Bonnie Ntshalintshali: Rising Above The Chaos
By Leila Dougan
She was a rural artist who steered clear of politics and controversy. Living through the turbulence of KZN in the 80s, she produced idyllic images. But then an element of the modern-day chaos her art avoided, entered her life and ended it.
A ceramicist and sculptor, Bonnie Ntshalintshali constructed complex and colourful artwork, drawing inspiration from her Christian upbringing, rural surroundings and Zulu traditions. She shaped and fired clay before hand painting and decorating her work with meticulous detail. Ntshalintshali learned the skill from Fee Halsted, her mentor, who describes the late artist as ‘kind’ and ‘patient’.
“She came to work with me as a shy young girl. I approached her mother because I wanted someone to learn art with me and she immediately put her daughter forward because [Bonnie] had polio,” said Halsted.
Ntshalintshali was born into a family of farm labourers in KwaZulu-Natal. Her mother saw art as a way for her to find alternative work. She knew manual labour on the farm would be tough for a young woman with a disability. At the age of 18 Ntshalintshali began an apprenticeship with Halsted, who ascribes their success to Ntshalintshali’s “craftsman skill and perfection”.
“I had the idea and Bonnie executed it in a way that there was care and commitment,” said Halsted. Ntshalintshali’s art allowed her to portray elements of her Zulu traditions and customs, but she was also influenced by Halsted’s Western approach to art.
This can be seen in the sculpture Lobola completed in 1988. The work portrays the South African Lobola custom whereby a man pays the family of his fiancé for her hand in marriage. A sculpted bride and her parents sit atop a pile of chickens, cattle and goats. Each figure is intricately painted, down to the tiny pink flowers that adorn the dress worn by the mother of the bride. However, the bride wears a white wedding dress and the sculpture is in the shape of a layered wedding cake. This layered visual storytelling was a hallmark of her work.
Ntshalintshali’s art was mainly aimed at the tourism market; colourful curios that allowed visitors to capture comfortably their ‘African experience’ in the turbulent times of the late 80s and early 90s. They boarded their flights, conscience intact, sculpture neatly wrapped. Her art endorses a romantic view of a peaceful, rural Africa untouched by oppression, violence or inequality.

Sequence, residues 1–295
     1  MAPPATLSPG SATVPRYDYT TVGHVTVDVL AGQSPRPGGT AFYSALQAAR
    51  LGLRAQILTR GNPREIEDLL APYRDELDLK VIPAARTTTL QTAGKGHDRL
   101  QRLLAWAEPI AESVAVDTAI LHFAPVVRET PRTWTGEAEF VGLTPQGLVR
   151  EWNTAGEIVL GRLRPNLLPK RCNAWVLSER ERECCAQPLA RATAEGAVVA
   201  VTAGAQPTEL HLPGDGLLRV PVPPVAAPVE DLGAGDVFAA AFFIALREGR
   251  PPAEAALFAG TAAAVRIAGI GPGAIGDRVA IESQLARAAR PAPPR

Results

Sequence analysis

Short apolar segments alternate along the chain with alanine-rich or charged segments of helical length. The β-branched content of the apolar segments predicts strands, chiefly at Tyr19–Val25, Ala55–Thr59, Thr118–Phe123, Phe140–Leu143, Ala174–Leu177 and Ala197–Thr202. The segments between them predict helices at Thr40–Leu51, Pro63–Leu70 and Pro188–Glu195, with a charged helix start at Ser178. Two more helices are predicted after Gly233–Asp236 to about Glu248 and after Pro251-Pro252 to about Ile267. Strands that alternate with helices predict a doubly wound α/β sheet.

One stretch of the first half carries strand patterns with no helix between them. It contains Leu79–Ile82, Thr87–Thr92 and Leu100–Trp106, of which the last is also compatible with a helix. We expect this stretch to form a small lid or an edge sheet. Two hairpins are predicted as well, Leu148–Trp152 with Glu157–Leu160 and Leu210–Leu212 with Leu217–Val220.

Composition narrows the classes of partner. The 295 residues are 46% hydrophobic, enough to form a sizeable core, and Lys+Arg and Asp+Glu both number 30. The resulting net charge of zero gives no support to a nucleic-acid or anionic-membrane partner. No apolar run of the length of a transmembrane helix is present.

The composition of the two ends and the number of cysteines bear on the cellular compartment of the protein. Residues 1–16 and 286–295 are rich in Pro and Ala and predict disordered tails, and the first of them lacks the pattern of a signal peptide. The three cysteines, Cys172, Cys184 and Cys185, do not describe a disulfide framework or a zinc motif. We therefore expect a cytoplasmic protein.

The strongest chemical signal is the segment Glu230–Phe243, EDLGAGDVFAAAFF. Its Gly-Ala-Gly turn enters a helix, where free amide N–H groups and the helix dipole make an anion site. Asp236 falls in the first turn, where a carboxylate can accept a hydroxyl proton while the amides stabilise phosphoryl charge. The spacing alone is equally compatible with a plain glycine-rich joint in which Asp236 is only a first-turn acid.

“How do you make Bonnie talk about politics when you’re living in an idyllic, rural environment with beautiful mountains and sheep?” asked Halsted, “It was not a place where we were worried about any political strife. People were not aware because you were living with nature and [Bonnie’s] closest meaningful thing was her religion and storytelling, which is part of Zulu culture”.
Looking back we are tempted to question the relationship between Ntshalintshali and her mentor. Did she play role of the labourer with Halsted steering the creative ship? Halstead talked about having the ideas while Ntshalintshali had the craftsman skill, developed in a rural environment where; “Young boys would model clay of oxen while they were herding their dad’s cattle. That’s why the sculptural [skill] comes in at a very early age, the ability to look at an animal or nature and then be able to model it”.
At the age of 32, Ntshalintshali died of HIV/AIDS. Four years later Fee Halsted opened the Bonnie Ntshalintshali Museum of Ardmore, the first museum in South Africa to be dedicated to black female artists. But there is concern about how valuable this platform is for capturing, preserving and passing on African traditions and customs when it is governed by western perspectives. But perhaps her art was inspired by tourists who want a piece of Africa to display on foreign mantelpieces. Perhaps Bonnie Ntshalintshali’s value lies precisely in her rising above the chaos of the everyday and focusing on aesthetics and her market.
A world-renowned artist, she boasts an impressive list of exhibitions and awards including the Corobrik National Ceramic Award (1988) and the Standard Bank Young Artist Award (1990). Her work has been exhibited at the Seville Expo in Spain (1992) and the Venice Biennale (1993).